Landscape as a Focus for Integrating Human and Environmental Processes
Post on 20-Jul-2016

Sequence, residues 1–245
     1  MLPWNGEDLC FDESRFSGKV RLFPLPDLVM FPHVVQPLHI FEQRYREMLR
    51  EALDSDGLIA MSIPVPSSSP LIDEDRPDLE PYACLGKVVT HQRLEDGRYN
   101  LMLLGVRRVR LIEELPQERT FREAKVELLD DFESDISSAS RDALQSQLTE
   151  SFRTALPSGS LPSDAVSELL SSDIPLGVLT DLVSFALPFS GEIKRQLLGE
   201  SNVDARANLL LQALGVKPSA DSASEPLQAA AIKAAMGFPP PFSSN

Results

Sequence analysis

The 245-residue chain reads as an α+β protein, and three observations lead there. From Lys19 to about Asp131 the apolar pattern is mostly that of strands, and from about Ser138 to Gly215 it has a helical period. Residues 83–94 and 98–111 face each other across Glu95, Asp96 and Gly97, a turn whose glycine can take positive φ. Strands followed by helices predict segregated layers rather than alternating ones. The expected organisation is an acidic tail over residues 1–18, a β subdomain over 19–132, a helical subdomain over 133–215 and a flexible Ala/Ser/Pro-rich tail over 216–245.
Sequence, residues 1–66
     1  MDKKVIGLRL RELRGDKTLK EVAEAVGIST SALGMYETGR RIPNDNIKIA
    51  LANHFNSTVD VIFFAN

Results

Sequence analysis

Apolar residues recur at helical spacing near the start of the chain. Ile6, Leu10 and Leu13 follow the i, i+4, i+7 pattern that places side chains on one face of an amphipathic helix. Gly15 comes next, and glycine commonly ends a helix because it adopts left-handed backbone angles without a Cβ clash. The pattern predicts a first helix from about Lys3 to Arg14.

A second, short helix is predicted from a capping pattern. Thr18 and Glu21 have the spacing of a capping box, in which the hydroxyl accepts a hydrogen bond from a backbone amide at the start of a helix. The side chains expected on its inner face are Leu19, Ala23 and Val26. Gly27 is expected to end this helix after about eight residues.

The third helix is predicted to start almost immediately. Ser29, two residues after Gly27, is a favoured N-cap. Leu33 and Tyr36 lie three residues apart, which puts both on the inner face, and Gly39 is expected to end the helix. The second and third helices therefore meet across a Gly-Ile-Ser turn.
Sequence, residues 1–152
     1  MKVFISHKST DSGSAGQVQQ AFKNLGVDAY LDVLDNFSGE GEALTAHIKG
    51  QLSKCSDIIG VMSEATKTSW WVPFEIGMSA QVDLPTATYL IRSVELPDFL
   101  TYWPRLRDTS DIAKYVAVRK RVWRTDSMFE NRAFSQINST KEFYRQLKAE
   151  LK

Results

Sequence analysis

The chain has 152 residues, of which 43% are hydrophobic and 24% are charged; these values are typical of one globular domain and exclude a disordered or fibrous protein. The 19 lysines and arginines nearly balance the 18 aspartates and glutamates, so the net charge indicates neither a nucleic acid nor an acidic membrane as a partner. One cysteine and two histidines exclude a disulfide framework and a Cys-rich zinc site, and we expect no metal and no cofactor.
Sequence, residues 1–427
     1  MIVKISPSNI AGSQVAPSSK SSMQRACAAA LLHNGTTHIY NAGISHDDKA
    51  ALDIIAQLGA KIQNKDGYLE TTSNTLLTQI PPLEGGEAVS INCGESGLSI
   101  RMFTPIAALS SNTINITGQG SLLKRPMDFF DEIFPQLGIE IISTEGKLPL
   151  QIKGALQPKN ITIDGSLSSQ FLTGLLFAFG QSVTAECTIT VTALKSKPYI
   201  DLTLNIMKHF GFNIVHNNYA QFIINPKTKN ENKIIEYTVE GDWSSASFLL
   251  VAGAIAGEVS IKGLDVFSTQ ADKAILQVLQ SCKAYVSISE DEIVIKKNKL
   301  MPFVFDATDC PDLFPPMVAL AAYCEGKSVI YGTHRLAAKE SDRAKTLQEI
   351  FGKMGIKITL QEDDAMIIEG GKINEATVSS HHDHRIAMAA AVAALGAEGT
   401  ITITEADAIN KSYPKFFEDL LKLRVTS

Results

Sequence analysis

Landscape as a Focus for IntegratingHuman and Environmental ProcessesRobin Matthews and Paul Selman1AbstractThe landscape has long been an important object of rural policy, particularly interms of protecting scenic areas. Increasingly, however, landscape is seen as amultifunctional and holistic entity, which provides a framework for the governanceand interdisciplinary study of spatial units. A central dilemma in the maintenanceof cultural landscapes is that the historical practices which produced them are oftenobsolete, and new social and economic forces may fail to reproduce their valuedproperties. Sustainable development strategies therefore seek to instil virtuous cir-cles in cultural landscapes, linking society and economy to environmental servicefunctions and land uses, in order to generate mutually reinforcing feedback loopsresulting in socially preferred outcomes. We explore ways of investigating theselinkages as a basis for future rural research and policy. We conceptualise culturallandscapes as socio-ecological systems (SESs), and consider their capacity forresilience and stability. Noting that resilient systems are characterised, not by sim-ple equilibria, but by basins of attraction, we argue the need to understand theways in which SESs stabilise within a particular basin, or move to an alternative. Inparticular, we reect on the dynamics of adaptive cycles that may lead to changesin system state. Finally, we discuss the development of appropriate models as toolsfor investigating whether a landscape is trending towards stability within a viciousor a virtuous circle, and evaluating potential interventions to alter this trajectory.Keywords: Agent-based models; landscape policy; socio-ecological systems; sus-tainability.1. IntroductionWithin the rural policy domain, landscape has generally been treated as a sec-toral issue. Policies for the countryside have resulted in a variety of planning and1Dr Robin Matthews is the corresponding author (firstname.lastname@example.org), and is atthe Integrated Land Use Systems Group, Macaulay Institute, Craigiebuckler, AberdeenAB15 8QH, UK. Professor Paul Selman is in the Department of Landscape, University ofShefeld (email@example.com). This paper arises from research conducted as part of theUK Research Councils RELU Programme (award numbers RES-224-25-0102 and RES-224-25-0119). RELU is funded jointly by the Economic and Social Research Council, the Bio-technology and Biological Sciences Research Council and the Natural Environment ResearchCouncil, with additional funding from the Department for Environment, Food and RuralAffairs and the Scottish Executive Environment and Rural Affairs Department.Journal of Agricultural Economics, Vol. 57, No. 2, 2006, 199212 Blackwell Publishing Ltd. 2006, 9600 Garsington Road, Oxford OX4 2DQ, UK and 350 Main Steet, Malden, MA 02148, USA.stewardship measures which might be categorised as action for landscape. Thisapproach has been widely associated with the practice of designation, pre-eminentlyto protect National Parks and Areas of Outstanding Natural Beauty against inap-propriate development. However, beyond the nationally designated areas, practicehas been less consistent, and in the UK has often suffered from the use of relativelyweak local designations, a heavy reliance on the land use planning system ratherthan a shared policy framework amongst a wider range of rural sectors, and weakand unclear central government policy guidance (Punter and Carmona, 1997).Over the past 20 years or so, this rather narrow, albeit important, perspective isbeing replaced by a wider view of landscapes as spaces, places and networks whereenvironmental service functions, food/water/timber supply, and residential and recu-perative attributes are integrated. Landscapes, therefore, might also serve as aframework for scientic analysis, data capture, policy delivery, and social and eco-nomic activity. It was the work of landscape ecologists that was particularly inuen-tial in promoting this view, which initially resulted in a predominantly biologicalbias (cf. Farina, 2005). However, there is now a wider body of experience acknow-ledging the necessity of such a perspective in elds of activity which include watercatchment planning, area-based delivery of nature conservation, locally orientedrural development, and countryside character assessment as a basis for land useplanning. The most extreme expression of this approach is bioregionalism, inwhich natural environmental units (such as water catchments) serve as the decision-making framework for all productive and regulatory activities. This purist position,however, is only one possibility. Meadowcroft (2002) describes more exible andpluralistic options which exploit the benets of natural units in appropriate situa-tions, whilst acknowledging the continuing role of existing political-administrativeunits. Increasingly, therefore, there are opportunities to take action through land-scape, recognising its holistic system properties, rather than the previous action forlandscape approach. This more sophisticated perspective is reected in the Euro-pean Landscape Convention, which promotes complementary practices of planning,protection and management (Council of Europe, 2000).Of particular relevance is the acknowledgement of the need for active land man-agement in the maintenance and production of valued cultural landscapes, giventhat the cultural landscape can frequently be equated with the agri-cultural land-scape (Piorr, 2003) due to the centrality of farming and land use practices in thecreation of qualities such as character, distinctiveness, and ecological diversity.However, the main paradox facing cultural landscapes today is that they are oftenhighly valued by society in their inherited form, yet this form typically derives fromobsolete practices which are no longer viable. The drivers of change include agricul-tural modernisation, alongside other economic activity such as built developmentand highways, natural (and human-induced) pressures such as climate change, aswell as the effects of public policies. Further, the forces that produced valued land-scapes tended to be local, whereas contemporary drivers often reect more globaleconomic and social trends. These globalising forces can be sufcient to endangerthe inherited patina of accumulated culture, leading to homogenisation and banali-sation of landscapes. Society, however, appears to prefer certain rural qualities,and value judgements are often attached to particular landscape types. Thus, thecurrent situation in some areas may be perceived as a vicious circle characterisedby obsolescence of traditional production, processing and marketing methods, andwhich could result either in extreme intensication or virtual abandonment. This200 Robin Matthews and Paul Selman Blackwell Publishing Ltd. 2006circle is typied by losses of properties which presently are socially preferred suchas visual character, food traceability, shared memories, actual or perceived foodquality, biodiversity, and farm-based employment.In line with commonly used sustainable development terminology (e.g., Powellet al., 2002), we would argue that the role of landscape policy should be to promotea virtuous circle, in which the social value of characteristic place qualities can berealised through their utilisation in economic and social activities. In this way, alandscape premium emerges in which people benet economically from doingthings that enhance multiple landscape functions, which, in turn, supply further ser-vices that enhance quality of life and economic opportunity. For example, in Eng-land, higher levels of agri-environment support under the Common AgriculturalPolicy are to be targeted through Joint Character Zones in order to reinforce fea-tures that are critical to distinctive landscapes. Agricultural policies are not the onlybasis for driving such virtuous relationshipscriterion-based town planning policiesbased on countryside character assessments (Martin, 2004), and regional economicpolicies which promote originality in products and services (e.g., Barham, 2003),provide other examples.However, while there is probably broad agreement that virtuous cycles are desir-able characteristics of landscapes and rural communities, it is far from clear whatpolicies and measures are required in order to establish and maintain them. More-over, care needs to be taken that virtuous circles in one sphere of activity do notinadvertently result in undesirable developments elsewhere. For example, establish-ment of a vibrant tourist industry, while bringing a measure of prosperity to anarea, could result in gradual environmental degradation. Further, as landscape val-ues tend to be protectionist and conservative, and may be unsupportable in a con-text of globalisation, we may need to challenge them. This will require us to searchfor new understandings of virtuosity which relate to different value judgements,perhaps emphasising sustainability rather than aesthetics.What is needed are approaches and tools incorporating the social, economic andbiophysical components of landscapes which can be used to evaluate and test differ-ent proposals and policies before they are implemented. In recent years, a largenumber of integrated assessment models linking the human and biophysical compo-nents of particular systems have been developed to address this need. However, notonly have these models been based on economic costbenet principles that attemptto optimise use of resources such as capital or labour to maximise a particular out-put, but they have also tended to be developed as decision support systems withoutrecognising that the processes of decision making and the participation of stake-holders and people is critical in both characterising the costs and benets, andchoosing between alternatives. In this paper, therefore, we discuss emerging alter-native modelling approaches which could be used to explore preferred change incultural landscapes, and provide rigorous testing of potential interventions withoutthe time, expense and moral implications of altering real systems.2. Conceptualising HumanEnvironmental Interactions in Landscapes2.1. Landscapes as socio-ecological systemsA useful concept to describe landscapes in this context is that of a socio-ecologicalsystem (SES), which takes the view that social, economic and biophysical compo-201Landscape as a Focus for Integrating Human and Environmental Processes Blackwell Publishing Ltd. 2006nents considered in isolation can each only provide a partial understanding at best,and that all three aspects must be taken together to obtain a fuller understanding(Berkes et al., 2003). In this approach, landscapes are open systems operating farfrom equilibrium (Kay et al., 1999), with material, energy and information owingboth into and out of them. It is the way in which their internal social, economic,and biophysical components are organised in relation to one another that determineshow these ows are used and traded. This implies that humans should be seen asintegral parts of landscapes. By contrast, many models currently tend to representhumans either as impartial observers, as external drivers on ecosystems (but notinuenced by them), or as users of the environment (but not inuencing it).2.2. Socio-ecological system dynamicsWhat are the dynamics of such socio-ecological systems? The adaptive cycle con-cept put forward by Gunderson and Holling (2001) sees such systems cyclingthrough various phases (Figure 1). In the exploitation (r) phase resources are accu-mulated as the system increases rapidly in capital, while in the conservation (K)phase the system consolidates this accumulated capital by strengthening linkagesbetween the various components. This is often followed by a creative destruction (X)phase, in which the increasingly fragile system disintegrates in response to externalshocks and pressures, releasing the accumulated capital. The components makingup this capital then enter a reorganisation (a) phase to become available for the nextphase of exploitation. Thus, there is explicit recognition that change is an intrinsicproperty of SESs, and that static equilibrium states are seldom reached. Borrowingfrom complex adaptive systems theory (e.g., Prigogine, 1976), Walker et al. (2004)have taken the adaptive cycle idea further by conceptualising SESs as complex sys-tems which self-organise within basins of attraction. A basin of attraction is the fullset of system states in which the system function and form do not differ substan-tially. A system at any point in time will be typically located within a particularFigure 1. Schematic diagram of the adaptive cycle.From Gunderson and Holling (2001). Stored capital can be thought of as the potential orsize of the system, while connectedness represents the degree of interdependence betweenthe components of the system.202 Robin Matthews and Paul Selman Blackwell Publishing Ltd. 2006basin, but over time is hypothesised to move through its adaptive cycle within thatbasin. However, external perturbations at critical times may, depending on circum-stances, transform it into a neighbouring basin representing a signicantly differentset of system states, particularly if it is close to a critical threshold of a particularvariable (Walker and Meyers, 2004). An example is the sudden shift from desirablegrassy to undesirable wooded systems or bare soil in savannas and rangelandswhen a threshold density of grazing animals is reached (Walker and Meyers, 2004).The concept of system resilience is used to describe the amount of effortrequired to move from one basin of attraction into another, and differs thereforefrom traditional denitions of the time taken to return to a previous equilibriumvalue following disturbance to a system. The adaptability of the system is thedegree to which the components of the system can inuence its internal dynamicsand hence its resilience. Basins of attraction, resilience and adaptability are merelysystem characteristics; intrinsically they are neither good nor bad. It is only whenparticular basins of attraction are considered more desirable than others that theconcept of value enters. The notion of sustainability can then be thought of as theprocess of maintaining the system in a desirable basin (i.e., avoiding transforma-tion into undesirable basins). Resilience may, therefore, be advantageous if the sys-tem is already in a desired basin of attraction (e.g., conservation of a particularhabitat), but disadvantageous if attempts are being made to move it from an unde-sired basin of attraction. An example of the latter would be slowness of uptakeof agri-environment schemes due to farmers reluctance to change their mode offarming (Burton, 2004).The exploitation phase of the adaptive cycle could be thought of as the develop-ment of the virtuous circle described above, in which the system is growing bybuilding up capital and establishing interdependencies between its components (seeaxes in Figure 1). Eventually, however, the system may reach a point where it ceasesaccumulating capital, and due to the strength of the links between the componentsof the system making it brittle and vulnerable to external shocks or pressures, a cre-ative destruction phase and eventual reorganisation may be precipitated. A viciouscircle would ensue if this reorganisation involved a transformation into a differentand less desirable basin of attraction.Adaptive cycle patterns have been discerned in several SESs (for examples, seeGunderson and Pritchard 2002; Allison and Hobbs, 2004). An example of suchdynamics in a historical Scottish context is that of the 18th19th century highlandclearances, in which an external perturbation of increased wool prices resulted in amajor shift from crofting agriculture to extensive sheep grazing with dramatic con-sequences on the social, economic and ecological capital (and hence landscapes) ofsignicant areas of Scotland (Richards, 2000). This can be thought of as a transfor-mation from a basin of attraction representing crofting to a new basin of attractionrepresenting grazing, passing through the X phase (e.g., forcible removal of thecrofters from the land), a phase (e.g., reorganisation of a proportion of the croftingcommunity into other occupations related to sheep production), and r phase (e.g.,growth of the new sheep industry) of the adaptive cycle. The persistence of theresulting SES in many of these areas for nearly two centuries would suggest that,under the prevailing socio-economic conditions, it has a high degree of resilience(i.e., its basin of attraction is relatively deep).Other basins of attraction could be identied (at least in principle) for other partsof Britain and elsewhere. However, it is conceivable that current rural policy203Landscape as a Focus for Integrating Human and Environmental Processes Blackwell Publishing Ltd. 2006reform, climate change, and pressure from other drivers such as demographictrends, public demand for recreational landscapes, and trade liberalisation, are mov-ing these systems into new social, economic and ecological basins. It is not yet clearwhether this is the case, and if it is, what the nature of the new basins of attractionwill be and whether or not they will be desirable, and if so, for whom. Nevertheless,the conceptual framework does seem to capture some major elements of the debatesand issues over landscape and associated cultural changes.2.3. Socio-ecological system componentsWhile adaptive cycles and basins of attraction are useful concepts for characterisingthe overall dynamics of socio-ecological systems, to make progress in understandingthe underlying processes resulting in such dynamics, it is necessary to consider themore fundamental components that make up such systems. The Sustainable Liveli-hoods framework, developed by the UK Department for International Development(DfID) and other organisations, provides a starting point. This framework sees suchsystems as being made up of elements of natural, physical, social, nancial, andhuman capital, which, if in virtuous relationships, tend to be linked in ways thatreinforce capital accumulation. Based on a literature review and case study docu-mentation, Selman and Knight (2006) summarise key elements in cultural land-scapes in similar terms: ecological/natural capital such as the life support systems underlying biodiver-sity and natural resources; built/cultural capital such as the structures and land uses that give relativedegrees of character to parts of the countryside, and the cultures and traditionsassociated with particular areas; social/human capital such as the networks and institutions that underlie trustand civicness, the potential for social learning within familiar and tangible set-tings, and levels of education and skills; economic capital such as opportunities for the generation of wealth, jobs, busi-ness condence and investment that are associated at least partly with naturaland cultural landscape assets.They also identied hypothetical but plausible links between these capitals, andconjectured how these links might operate more generally in sustainable culturallandscapes (Figure 2 below). This virtuous relationship has been described else-where. It is often depicted for example in terms of high quality food and timberproducts, to which value is added locally, and which are often linked to tourismbased on enjoyment of landscape, food and wine (e.g., Brunori and Rossi, 2000;Murdoch, 2000; Ventura and Milone, 2000; Hinricks, 2003; Sage, 2003). Policymeasures now often seek to instil appropriate feedback loops in which there issustainable mutual reinforcement between socio-economic development on theone hand, and environmental multi-functionality on the other. The CountrysideAgencys Eat the View programme in England is an example of this approach.However, as already mentioned, it also should not be forgotten that land use andcommunity dynamics can sometimes unwittingly be coupled in a vicious circle oflandscape deterioration and loss of multi-functionality, highlighting the need toexplore virtuous feedback processes more rigorously if they are to form a soundbasis for entrepreneurship and policy intervention.204 Robin Matthews and Paul Selman Blackwell Publishing Ltd. 20063. Modelling landscapes as socio-ecological systems3.1. What sort of models do we need?We noted previously that various modelling approaches are now available for inves-tigating change in socio-ecological systems and linking these to policy options.Despite their availability, however, these models have not yet been applied convin-cingly to the task of informing and evaluating agricultural and other rural policiesto deliver dynamic, sustainable landscapes, largely due to their lack of comprehensi-bility and transparency to decision-makers. It is essential, therefore, that the futuredevelopment of such models addresses this issue. However, the issue of modelcomplexity poses a dilemma. On the one hand, there is the general preference ofdecision-makers for simple explanations (Couclelis, 2002) so that they can justifydecisions without getting entangled in the intricacies of highly complex systems. Onthe other hand, there is no escaping the fact that socio-ecological systems arecomplicated systems involving interacting components, adaptation, and non-linearbehaviour (Bak, 1994). Certainly the complex nature of such systems requires suf-ciently detailed models to be developed.To address this dilemma, we would argue that at least two types of approach tomodelling landscapes are required. First, recognising that decision-support toolsneed to be accessible to a range of stakeholders, we consider a simple qualitativeapproach that can be applied in participatory settings, yet which still captures keyaspects of landscape capitals, and positive and negative feedback. This more user-friendly approach could enable professional and lay stakeholders to participate inmodelling experiments to identify and anticipate the consequences of both intrinsicFigure 2. Hypothetical causal links within a cultural landscape.From Selman and Knight (2006) (modied).205Landscape as a Focus for Integrating Human and Environmental Processes Blackwell Publishing Ltd. 2006and policy-driven change (e.g., van den Belt, 2004). Second, accepting that the ideasand principles arising from simple models can be formalised in more sophisticatedways for research and policy development, we turn to a quantitative approach,which aims at understanding the dynamic processes of socio-ecological systems toprovide a basis for managing system trajectories towards desirable basins of attrac-tion, possibly with the assistance of targeted policy support or through institutionalchange and adaptation (e.g., Harvey, 2003). Comprehensibility and transparency inthis case could be addressed by consulting stakeholders regarding the purpose of themodel and its assumptions. We see these two modelling approaches as being comple-mentary ideas and principles arising from each can be used to inform the other.3.2. A simple qualitative approachA qualitative, soft systems model can be invoked in the rst instance in order toidentify and investigate the nature, direction and strength of feedback relationshipsbetween different sub-components of a system. Bodini et al. (2000), for example,investigated feedback loops between economy, tourism, conservation and recreationin marginal aquatic landscapes in the Po Valley in Italy. Their analysis was especi-ally helpful in illuminating complex relationships between protection effort andlocal income. A next step would be to conrm the nature, strength and directionof these links, the degree to which they might operate in a self-organising and self-reinforcing effect on landscape functionality, and the impact of public interventionin tipping the balance of the system to a desired basin.We recognise that approaches based on reinforcing links between local productsand services, and local landscapes, may be most appropriate for a conservationstrategy, where the aim is to reinforce virtuous linkages in order to sustain statusquo or recent past conditions. However, for systematic landscape research andplanning whose objectives may range from strict conservation to the unchartedcreation of new environments more comprehensive simulation models, as test bedsor virtual laboratories, are needed to operationalise the indicative approach out-lined above. These need to be sufciently robust and quantiable to accommodatemore radical changes of state, and to characterise vicious as well as virtuoustendencies.3.3. A simulation approach: incorporating people and institutionsA persistent criticism of landscape ecological models has been their overemphasison ecological processes and patterns, and hence their production of relatively peo-ple-less scenarios (Hawkins and Selman, 2002). Even the soft systems approachdescribed in Section 3.2, while incorporating human characteristics such as wealthand social learning, does not explicitly model people, or groups of people, as enti-ties. However, the dominant factor in the dynamics of SESs, compared with otherecosystems, is the presence of humans, with their ability to remember and learnfrom the past, to perceive both current and future states of their biophysical andsocial environment, to communicate with each other, and to establish institutionsthat govern their behaviour so that specic goals can be achieved and undesirableoutcomes prevented.Many existing models of decision-making are based on economic costbenetprinciples which assume that, on average, a system behaves as if it consisted of206 Robin Matthews and Paul Selman Blackwell Publishing Ltd. 2006rational, self-interested individuals making decisions to optimise use of resources tomeet certain goals. However, actual behaviour deviates substantially from the sim-plied rational behaviour model (Selten, 1991), and predictions from such modelsare often unreliable (Moss et al., 2001). Moreover, such models cannot easilyaccount for the variation in individual behaviours within landscapes and associatedcultures. An example of this has already been mentioned above in relation to theslowness of uptake of agri-environment schemes due to the age-related reluctance offarmers to change their existing mode of farming despite it being economicallyrational to do so. Part of this reluctance is due to the status they have built upwithin the community over the years as good farmers, which they perceive may becompromised by the introduction of untidy parts to their farms (Burton, 2004). Toaccount for this behaviour within models, it is necessary that individual variationsas well as social inuences are incorporated.Human institutions also need to be reected in models, as these play a key rolein the dynamics and resilience of SESs (Adger, 2000). Institutions, dened here inthe wider sense, are humanly constructed constraints that structure interactionsbetween people and their environment, and include formal constraints (rules, laws,constitutions), informal constraints (norms of behaviour, conventions, and self-imposed codes of conduct), and their enforcement characteristics (North, 1994).More voluntary collective behaviour also needs to be accommodated: for example,Ostroms concept of institutions organized and run by resource users themselves,and social networks, which contribute signicantly to resilience and adaptivity bycreating conduits for information ows (e.g., Deffuant et al., 2002) and some nan-cial ows. The structure of social networks is likely to have a major inuence onthe way that SESs function recent work on the theoretical aspects of networkstructure, particularly small-world (Watts and Strogatz, 1998) and scale-free (Bar-abasi et al., 2000) networks, and how this structure inuences network resilience, isparticularly relevant.A rapidly emerging opportunity to incorporate more realistically into modelsthese characteristics causing deviation from purely economic rational behaviour isafforded by agent-based modelling (ABM). Originating from the eld of articialintelligence, agent-based models consist of a number of agents representingdecision-making entities, which interact both with each other and with their envi-ronment, and which can make decisions and change their actions as a result ofthis interaction (Ferber, 1999). Agents may contain their own picture of theirenvironment (which may not necessarily be complete or even true) built up fromtheir interactions with it. The behaviour of the whole system depends on theaggregated behaviours of individual agents. ABM has aroused the interest of theland-use modelling community, mainly because it offers a way of incorporatingthe inuence of human decision-making on the environment in a mechanistic andspatially explicit way, taking into account social interaction, adaptation, and mul-tiple scales of decision-making. Such models offer a way of exploring the impactof virtuous links between different entities in the system. Through a betterunderstanding gained in this way, it may be possible to design and evaluate poli-cies which nudge SESs away from undesirable basins of attraction towards desir-able basins.One of the earliest uses of ABM in relation to land use and institutions was thestudy of Lansing and Kremer (1993), who modelled rice production systems inIndonesia aimed at balancing the two opposing constraints of water-sharing and207Landscape as a Focus for Integrating Human and Environmental Processes Blackwell Publishing Ltd. 2006pest control. Assuming only that farmers obeyed simple rules of imitating the timeof planting of their neighbours that gave the highest yields, Lansing and Kremerwere able to show how robust planting and irrigation schedules emerged, whichwere able to produce high yields and withstand ecological perturbations due todrought and pest attack. Such schedules matched closely those observed in real lifemediated by religious rituals at water temples.A number of such agent-based land-use models are now beginning to appear(see a recent review by Parker et al., 2002). Many involve the grafting of amulti-agent system, representing a number of households, onto a cellular auto-mata landscape, with each agent being linked in some way to the cells overwhich it has inuence. An example of such a model is the People and LandscapeModel which has been used to investigate the survival characteristics of differentcrop nutrient strategies, including the sale and purchase of excess organic manurebetween households (Matthews, 2006). At their current level of development,ABMs are probably more useful as tools to explore options for effecting changein landscapes and rural communities, rather than predicting them, and as such, itis important that the structure of the models and the assumptions incorporatedinto them are transparent, and therefore well-documented, and also that themechanistic behaviours assumed for the agents are well grounded in actual beha-viour patterns.Although the inherent complexity of ABMs means that their prime use for thetime being is likely to be for research purposes, there is a growing recognition ofthe need to improve their relevance by integrating modelling and deliberation withthe public, particularly stakeholders and potential users of model outputs (Rama-nath and Gilbert, 2004). In relation to ABMs, Parker et al. (2002) distinguish threelevels of participation: (a) where stakeholders are involved at all stages of modeldevelopment, including model conceptualisation, building and use, (b) where stake-holders are not involved in model building, but are involved in model running, and(c) where models are presented to policy makers as ready-made software packageswith the ability for the users to alter model parameters to test various policyoptions. ABMs may have particular advantages in a participatory context, as theagents can be made to represent individuals or groups with whom stakeholders canidentify. The latter can therefore criticise the models or contribute to their design inways that make use of their practical knowledge. Several examples describing theuse of ABMs as a tool in participatory role-playing games to solve specic problemsare given by Bousquet et al. (2002) However, participatory modelling should notbeen seen as a panacea, as it does have its downsides; these include the time andcost of involving stakeholders, possible bias in the stakeholders selected resulting ina poorer representation of the real-world system, and lack of academic credibilityof the resulting models. Difculties in validating such models is a particular issue,although greater buy-in and trust in a model by the participants may be moreimportant in this context than its numerical accuracy (van den Belt, 2004). In thisway, ABMs can provide a focus for debate by testing hypotheses and analysingwhat-if scenarios.3.4. Incorporating policy impactsA nal requirement concerns the need to incorporate plausible policy measuresmore effectively within models, and to assess whether they help stabilise a landscape208 Robin Matthews and Paul Selman Blackwell Publishing Ltd. 2006within a desirable basin of attraction, or help shift it towards a desirable new one.Policies can be seen in most cases as external inuences on a socio-ecological sys-tem, affecting the decisions made by the agents it contains. This can be by placingconstraints on the range of all possible decisions through, for example, legislation,or by altering the ow of nancial capital upon which the agents base their deci-sions, through, for example, taxes or subsidies. We are then interested in the way inwhich these resulting decisions and subsequent actions impact on the processesmaintaining a current landscape or those leading to future landscapes. For example,an important question related to the resilience of the SES is to what extent changesbrought about by a particular policy are sustainable if the policy is removed, doesthe system revert to its previous basin of attraction, or does it remain in its newone? It may be that certain desired landscapes can only be achieved through contin-ual injection of external resources to maintain them in a far-from-equilibrium state(Kay et al., 1999).A second question is whether a particular valued landscape can be preservedwithout destroying its necessary integrity and connectivity between the occupants,participants, and the surrounding socio-economic and environmental systems. Forexample, many current policies seek to intervene in various ways intended tore-localise certain practices (e.g., supporting the family farm, requiring corporatedevelopers to observe vernacular built design elements, and instigating participatorydecision-making processes). While there are well-developed localisation argumentswhich favour the re-embedding of production into places, there are equally convin-cing arguments concerning the connectivity which globalisation affords betweendistant producers and consumers. Thus, some of our conservation measures, whilenot sustainable in the longer term, may be better seen as temporary palliatives togain breathing space whilst we reassess exactly what a valued landscape means,what it should contain, and how it should be achieved and maintained. It may wellbe that, as a result of this process, some of our landscape features will join the col-lective palimpsest, with something else replacing them and only their tracesremaining. This is essentially what Westmacott and Worthington (1976) proposed ageneration ago, when they advocated creating new agricultural landscapes, differentfrom, but not necessarily less interesting than, the ones they replaced. If particularvalued inherited landscapes are to be retained, then this requires that ways arefound of maintaining the circle of virtuosity between people and place, which couldinclude some level of re-localisation of governance, economy, community, and eco-system. However, these will need to be coupled to a blend of global, regional andlocal drivers if they are to be sustainable in the long term. Here, innovations inmodelling can inform policy-makers about the possibilities and likely consequencesof different policy choices.4. ConclusionWe have put forward the idea that cultural landscapes are dynamic socio-ecologicalsystems, made up of social, economic and biophysical components interactingtogether. The concept of a virtuous circle, in which there are feedbacks betweenhumans and their biophysical environment resulting in positive outcomes, is a usefulconceptual model which has parallels with the adaptive cycle concept of Gundersonand Holling (2001). The challenge now is to see whether these concepts of virtu-ous circles, adaptive cycles, basins of attraction, and stability landscapes can be209Landscape as a Focus for Integrating Human and Environmental Processes Blackwell Publishing Ltd. 2006modelled in the UK context, and whether such efforts can be of positive use todecision-makers and practitioners.One use would be to evaluate the main argument in this paper that current policyinstruments for virtuosity in cultural landscapes tend to emphasise the role of tradi-tional farming methods and local foods in maintaining familiar habitats, but that,important though this may be, it is insufcient as a general basis for sustaining resi-lient socio-ecological systems. Thus, virtuosity should refer not necessarily to theconservation of traditional land uses and artefacts in heritage landscapes, but alsoto the stabilisation of new socio-ecological systems. We suggest that future land-scapes need to possess a degree of interdependency between socio-economic capitaland environmental capital that cultivates a self-sustaining relationship between wiseenvironmental stewardship and consequent ecological resilience, possibly with verydifferent values and patterns from current or conserved landscapes. Creative policyshifts such as these need to be supported by an improved understanding of theprobable direction and intensity of feedback effects, and the likely consequences ofmoving between alternative basins of attraction.This suggests a number of research questions: What measures can reinforce or re-instil a virtuous circle between the capitalsunderlying a cultural landscape in order to maintain it in a desirable state? Arange of current initiatives based on an embedded territorial repertoire of prod-ucts and services is now beginning to provide us with a range of evidence on thisissue. Where and in what degree is re-localisation necessary and achievable to resist thetrend of exogenous pressures, and where and how can the forces of globalisationcontribute positively to landscape resilience and stability? Although re-localisationis clearly impossible as a general solution, some applications of it may be appro-priate in pursuing particular landscape objectives, such as the retention of keyhabitats through carefully prescribed farming practices. Can we establish where in a basin of attraction a particular system is located,and how close it might be to a threshold and transformation into another basinof attraction? Where a current landscape cannot be conserved because of natural environmentchange (e.g., marine transgression, shifting species ranges), or if we consciouslyintervene to create an alternative future landscape, what can we do to predisposethe system to shift into a preferred alternative basin of attraction?To address these questions, we propose that future research needs to focus ondissecting the processes occurring within rural systems in order to understand howthey interact together to contribute to overall system dynamics. Part of this researchneeds to reassess what we mean by a valued landscape values change over timeand sometimes need to be challenged, especially if it can be demonstrated that newlandscape options are more sustainable and multifunctional than inherited ones.This implies that ways need to be developed of engaging a range of stakeholders,including farmers, tourists, decision-makers, and scientists, in understanding, deba-ting and delivering landscape choices. Modelling needs to play a central role in thewhole process by providing a framework to draw together data and knowledgefrom a range of disparate sources, and consequently to allow exploration of differ-ent hypotheses of how systems can be changed, before such changes are inicted onreal people.210 Robin Matthews and Paul Selman Blackwell Publishing Ltd. 2006ReferencesAdger, W. N. Social and ecological resilience: Are they related? Progress in Human Geography,Vol. 24, (2000) pp. 347364.Allison, H. E. and Hobbs, R. J. Resilience, adaptive capacity, and the Lock-in Trap ofthe Western Australian agricultural region, Ecology and Society, Vol. 9, (2004) p. 3. Avail-able at: http://www.ecologyandsociety.org/vol9/iss1/art3).Bak, P. Self-organized criticality: A holistic view of nature, in G. Cowan, D. Pines andD. Meltzer (eds.) Complexity: Metaphors, Models, and Reality (Reading, MA: Addison-Wesley, 1994, pp. 477496).Barabasi, A.-L., Albert, R. and Jeong, H. 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